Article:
Almost all cases of HGPS (PROGERIA) studied so far turn out to be new mutations of paternal origin with a paternal age effect by about FIVE YEARS
Origin of de novo mutation. As with de novo mutations in achondroplasia, all informative LMNA mutations have been paternal in origin, though the number of families evaluated is small [Eriksson et al 2003]. A paternal age effect is present as the father's age is significantly increased by about five years on average. There is no increase in consanguinity.
Am J Clin Nutr. 1992 Jun;55(6 Suppl):1222S-1224S. Links
Progeria: a human-disease model of accelerated aging.Brown WT.
Department of Human Genetics, New York State Institute for Basic Research, Staten Island 10314.
Progeria is a rare genetic disease with striking features that resemble accelerated aging. The inheritance pattern, paternal age effect, and lack of consanguinity argue that it is due to a sporadic dominant mutation. We have observed elevated levels of hyaluronic acid (HA) excretion in progeria patients. In several progeria patients we observed normal levels of growth hormone (GH) but very low levels of insulin-like growth factor I along with very high basal metabolic rates (BMRs). A trial of GH treatment was begun, which resulted in a marked increase in linear growth and a paradoxical drop in BMRs in these two patients. We hypothesize that the failure of patients with progeria to thrive may be due to a bioinactive form of GH and a lack of vasculogenesis caused by excess HA. An understanding of the progeria genetic mutation may define a key gene with a major effect on normal aging.
: Nature. 2003 May 15;423(6937):293-8. Epub 2003 Apr 25. Links
Recurrent de novo point mutations in lamin A cause Hutchinson-Gilford progeria syndrome.Eriksson M, Brown WT, Gordon LB, Glynn MW, Singer J, Scott L, Erdos MR, Robbins CM, Moses TY, Berglund P, Dutra A, Pak E, Durkin S, Csoka AB, Boehnke M, Glover TW, Collins FS. Department of Human Genetics, New York State Institute for Basic Research in Developmental Disabilities, Staten Island, New York 10314, USA.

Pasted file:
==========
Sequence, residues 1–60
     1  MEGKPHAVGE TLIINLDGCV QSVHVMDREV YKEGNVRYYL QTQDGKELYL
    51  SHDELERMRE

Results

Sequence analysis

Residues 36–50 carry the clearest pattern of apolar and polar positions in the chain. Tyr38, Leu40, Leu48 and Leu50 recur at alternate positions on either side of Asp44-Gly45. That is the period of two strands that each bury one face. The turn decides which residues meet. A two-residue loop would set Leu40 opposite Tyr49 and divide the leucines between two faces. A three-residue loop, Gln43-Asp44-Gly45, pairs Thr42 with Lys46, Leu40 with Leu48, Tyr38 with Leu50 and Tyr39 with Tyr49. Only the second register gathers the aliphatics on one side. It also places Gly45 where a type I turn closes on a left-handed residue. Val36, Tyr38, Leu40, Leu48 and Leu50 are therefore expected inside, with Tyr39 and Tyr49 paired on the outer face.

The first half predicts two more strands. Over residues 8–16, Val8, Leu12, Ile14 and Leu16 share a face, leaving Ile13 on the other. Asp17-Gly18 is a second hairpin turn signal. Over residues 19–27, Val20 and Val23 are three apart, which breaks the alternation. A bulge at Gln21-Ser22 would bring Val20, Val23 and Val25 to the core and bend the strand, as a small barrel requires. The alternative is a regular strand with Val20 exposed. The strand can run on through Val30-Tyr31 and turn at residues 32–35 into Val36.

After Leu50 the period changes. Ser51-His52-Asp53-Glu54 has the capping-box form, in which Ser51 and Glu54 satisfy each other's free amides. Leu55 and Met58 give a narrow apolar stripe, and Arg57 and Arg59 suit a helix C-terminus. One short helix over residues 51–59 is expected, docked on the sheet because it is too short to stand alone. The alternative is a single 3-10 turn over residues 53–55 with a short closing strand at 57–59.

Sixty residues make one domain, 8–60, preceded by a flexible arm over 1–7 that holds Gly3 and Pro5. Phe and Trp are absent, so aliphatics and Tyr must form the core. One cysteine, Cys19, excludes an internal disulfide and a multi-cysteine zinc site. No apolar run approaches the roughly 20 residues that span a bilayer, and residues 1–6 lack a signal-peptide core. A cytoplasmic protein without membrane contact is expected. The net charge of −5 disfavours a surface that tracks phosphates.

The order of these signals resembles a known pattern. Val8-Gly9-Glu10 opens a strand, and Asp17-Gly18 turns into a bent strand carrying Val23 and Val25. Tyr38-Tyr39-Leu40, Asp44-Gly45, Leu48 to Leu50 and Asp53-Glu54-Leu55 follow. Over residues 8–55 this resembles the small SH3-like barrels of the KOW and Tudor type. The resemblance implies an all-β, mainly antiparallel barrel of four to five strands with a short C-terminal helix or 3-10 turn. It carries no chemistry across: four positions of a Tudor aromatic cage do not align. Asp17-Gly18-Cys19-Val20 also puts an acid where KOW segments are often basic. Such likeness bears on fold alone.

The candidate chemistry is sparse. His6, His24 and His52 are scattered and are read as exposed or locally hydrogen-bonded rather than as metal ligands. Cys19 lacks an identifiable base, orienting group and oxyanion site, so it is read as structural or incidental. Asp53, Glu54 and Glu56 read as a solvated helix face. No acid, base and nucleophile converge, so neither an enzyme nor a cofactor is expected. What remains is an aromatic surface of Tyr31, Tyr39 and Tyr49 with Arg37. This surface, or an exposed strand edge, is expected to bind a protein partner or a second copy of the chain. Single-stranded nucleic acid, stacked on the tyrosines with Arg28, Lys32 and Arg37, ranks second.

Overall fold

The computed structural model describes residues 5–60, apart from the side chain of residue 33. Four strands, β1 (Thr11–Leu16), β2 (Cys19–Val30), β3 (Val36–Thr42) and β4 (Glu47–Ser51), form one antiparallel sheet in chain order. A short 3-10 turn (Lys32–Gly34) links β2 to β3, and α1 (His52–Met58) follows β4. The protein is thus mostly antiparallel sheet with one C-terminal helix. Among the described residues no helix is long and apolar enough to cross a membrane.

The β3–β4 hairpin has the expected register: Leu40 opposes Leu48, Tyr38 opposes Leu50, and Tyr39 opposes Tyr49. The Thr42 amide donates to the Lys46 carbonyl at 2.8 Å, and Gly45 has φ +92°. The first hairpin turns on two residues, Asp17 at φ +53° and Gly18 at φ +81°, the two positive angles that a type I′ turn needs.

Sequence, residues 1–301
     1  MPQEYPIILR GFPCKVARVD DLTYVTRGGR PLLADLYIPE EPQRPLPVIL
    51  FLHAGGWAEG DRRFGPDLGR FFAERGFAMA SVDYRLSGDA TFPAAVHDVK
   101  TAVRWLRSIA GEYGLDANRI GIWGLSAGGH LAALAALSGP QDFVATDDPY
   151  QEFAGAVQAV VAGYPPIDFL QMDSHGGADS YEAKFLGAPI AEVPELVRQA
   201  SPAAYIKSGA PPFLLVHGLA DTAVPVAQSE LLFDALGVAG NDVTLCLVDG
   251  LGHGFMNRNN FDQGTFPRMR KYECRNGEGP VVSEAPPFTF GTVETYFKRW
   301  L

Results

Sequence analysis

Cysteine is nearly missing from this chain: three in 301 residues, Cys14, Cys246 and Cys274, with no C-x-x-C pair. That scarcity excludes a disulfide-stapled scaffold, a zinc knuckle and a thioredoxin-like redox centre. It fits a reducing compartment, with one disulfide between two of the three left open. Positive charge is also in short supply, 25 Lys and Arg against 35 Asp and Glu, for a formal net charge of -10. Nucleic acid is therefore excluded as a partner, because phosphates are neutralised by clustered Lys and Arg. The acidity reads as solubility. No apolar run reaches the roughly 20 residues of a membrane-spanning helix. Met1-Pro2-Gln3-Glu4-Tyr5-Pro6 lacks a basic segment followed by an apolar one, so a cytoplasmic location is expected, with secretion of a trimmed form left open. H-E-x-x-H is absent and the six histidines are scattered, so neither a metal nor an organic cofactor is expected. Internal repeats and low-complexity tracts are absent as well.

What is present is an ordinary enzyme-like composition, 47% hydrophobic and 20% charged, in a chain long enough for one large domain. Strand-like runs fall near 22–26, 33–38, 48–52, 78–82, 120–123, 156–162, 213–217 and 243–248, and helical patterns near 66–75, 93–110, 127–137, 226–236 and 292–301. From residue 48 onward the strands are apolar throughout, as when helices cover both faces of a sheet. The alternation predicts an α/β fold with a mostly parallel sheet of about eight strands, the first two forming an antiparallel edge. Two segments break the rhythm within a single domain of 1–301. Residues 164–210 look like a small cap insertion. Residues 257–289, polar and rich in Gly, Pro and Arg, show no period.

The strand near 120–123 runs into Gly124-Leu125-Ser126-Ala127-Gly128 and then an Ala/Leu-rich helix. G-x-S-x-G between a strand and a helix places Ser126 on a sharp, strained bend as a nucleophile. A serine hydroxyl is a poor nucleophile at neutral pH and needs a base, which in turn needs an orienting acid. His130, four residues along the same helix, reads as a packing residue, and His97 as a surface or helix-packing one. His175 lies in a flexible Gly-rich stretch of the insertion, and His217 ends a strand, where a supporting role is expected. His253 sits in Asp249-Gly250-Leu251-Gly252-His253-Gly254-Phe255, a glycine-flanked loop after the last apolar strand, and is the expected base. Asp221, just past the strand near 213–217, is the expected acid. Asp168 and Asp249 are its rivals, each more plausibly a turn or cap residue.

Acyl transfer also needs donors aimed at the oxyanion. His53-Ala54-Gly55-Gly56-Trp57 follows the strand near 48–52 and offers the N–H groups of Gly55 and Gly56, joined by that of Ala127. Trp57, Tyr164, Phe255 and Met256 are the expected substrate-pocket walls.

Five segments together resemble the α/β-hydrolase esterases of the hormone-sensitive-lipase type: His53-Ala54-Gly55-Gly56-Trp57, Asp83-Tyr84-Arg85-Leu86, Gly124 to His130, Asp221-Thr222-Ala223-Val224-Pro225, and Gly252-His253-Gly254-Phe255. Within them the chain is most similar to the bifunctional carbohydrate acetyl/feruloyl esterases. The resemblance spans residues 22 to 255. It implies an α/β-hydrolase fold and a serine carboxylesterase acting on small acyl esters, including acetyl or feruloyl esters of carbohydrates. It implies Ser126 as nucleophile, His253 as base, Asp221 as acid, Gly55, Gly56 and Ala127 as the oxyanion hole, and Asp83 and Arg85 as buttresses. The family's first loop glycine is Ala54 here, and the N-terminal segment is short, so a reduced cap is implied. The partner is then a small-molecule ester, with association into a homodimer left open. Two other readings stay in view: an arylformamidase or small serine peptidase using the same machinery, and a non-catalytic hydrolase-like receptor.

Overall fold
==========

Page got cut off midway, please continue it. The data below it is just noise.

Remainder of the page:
Hutchinson-Gilford progeria syndrome (HGPS) is a rare genetic disorder characterized by features reminiscent of marked premature ageing. Here, we present evidence of mutations in lamin A (LMNA) as the cause of this disorder. The HGPS gene was initially localized to chromosome 1q by observing two cases of uniparental isodisomy of 1q-the inheritance of both copies of this material from one parent-and one case with a 6-megabase paternal interstitial deletion. Sequencing of LMNA, located in this interval and previously implicated in several other heritable disorders, revealed that 18 out of 20 classical cases of HGPS harboured an identical de novo (that is, newly arisen and not inherited) single-base substitution, G608G(GGC > GGT), within exon 11. One additional case was identified with a different substitution within the same codon. Both of these mutations result in activation of a cryptic splice site within exon 11, resulting in production of a protein product that deletes 50 amino acids near the carboxy terminus. Immunofluorescence of HGPS fibroblasts with antibodies directed against lamin A revealed that many cells show visible abnormalities of the nuclear membrane. The discovery of the molecular basis of this disease may shed light on the general phenomenon of human ageing.
PMID: 12714972 [PubMed - indexed for MEDLINE]
1: Clin Genet. 2004 Jan;65(1):52-4. Links
Paternal origin of LMNA mutations in Hutchinson-Gilford progeria.D'Apice MR, Tenconi R, Mammi I, van den Ende J, Novelli G.
PMID: 15032975 [PubMed - indexed for MEDLINE]
"Almost all cases of HGPS studied so far turn out to be new mutations of paternal origin. Consistent with this, the age of fathers of children with HGPS is on the average slightly older than the general population of fathers. You can read more about this in the entry on progeria in GeneClinics.org"
paternal age effect is present as the father's age is significantly increased by about five years on average. There is no increase in consanguinity.
: Proc Natl Acad Sci U S A. 2007 Mar 20;104(12):4949-54. Epub 2007 Mar 14. Links
A lamin A protein isoform overexpressed in Hutchinson-Gilford progeria syndrome interferes with mitosis in progeria and normal cells.Cao K, Capell BC, Erdos MR, Djabali K, Collins FS.
Genome Technology Branch, National Human Genome Research Institute, National Institutes of Health, Bethesda, MD 20892, USA.
Hutchinson-Gilford progeria syndrome (HGPS) is a rare genetic disorder characterized by dramatic premature aging. Classic HGPS is caused by a de novo point mutation in exon 11 (residue 1824, C --> T) of the LMNA gene, activating a cryptic splice donor and resulting in a mutant lamin A (LA) protein termed "progerin/LADelta50" that lacks the normal cleavage site to remove a C-terminal farnesyl group. During interphase, irreversibly farnesylated progerin/LADelta50 anchors to the nuclear membrane and causes characteristic nuclear blebbing. Progerin/LADelta50's localization and behavior during mitosis, however, are completely unknown. Here, we report that progerin/LADelta50 mislocalizes into insoluble cytoplasmic aggregates and membranes during mitosis and causes abnormal chromosome segregation and binucleation. These phenotypes are largely rescued with either farnesyltransferase inhibitors or a farnesylation-incompetent mutant progerin/LADelta50. Furthermore, we demonstrate that small amounts of progerin/LADelta50 exist in normal fibroblasts, and a significant percentage of these progerin/LADelta50-expressing normal cells are binucleated, implicating progerin/LADelta50 as causing similar mitotic defects in the normal aging process. Our findings present evidence of mitotic abnormality in HGPS and may shed light on the general phenomenon of aging.
PMID: 17360355 [PubMed - indexed for MEDLINE]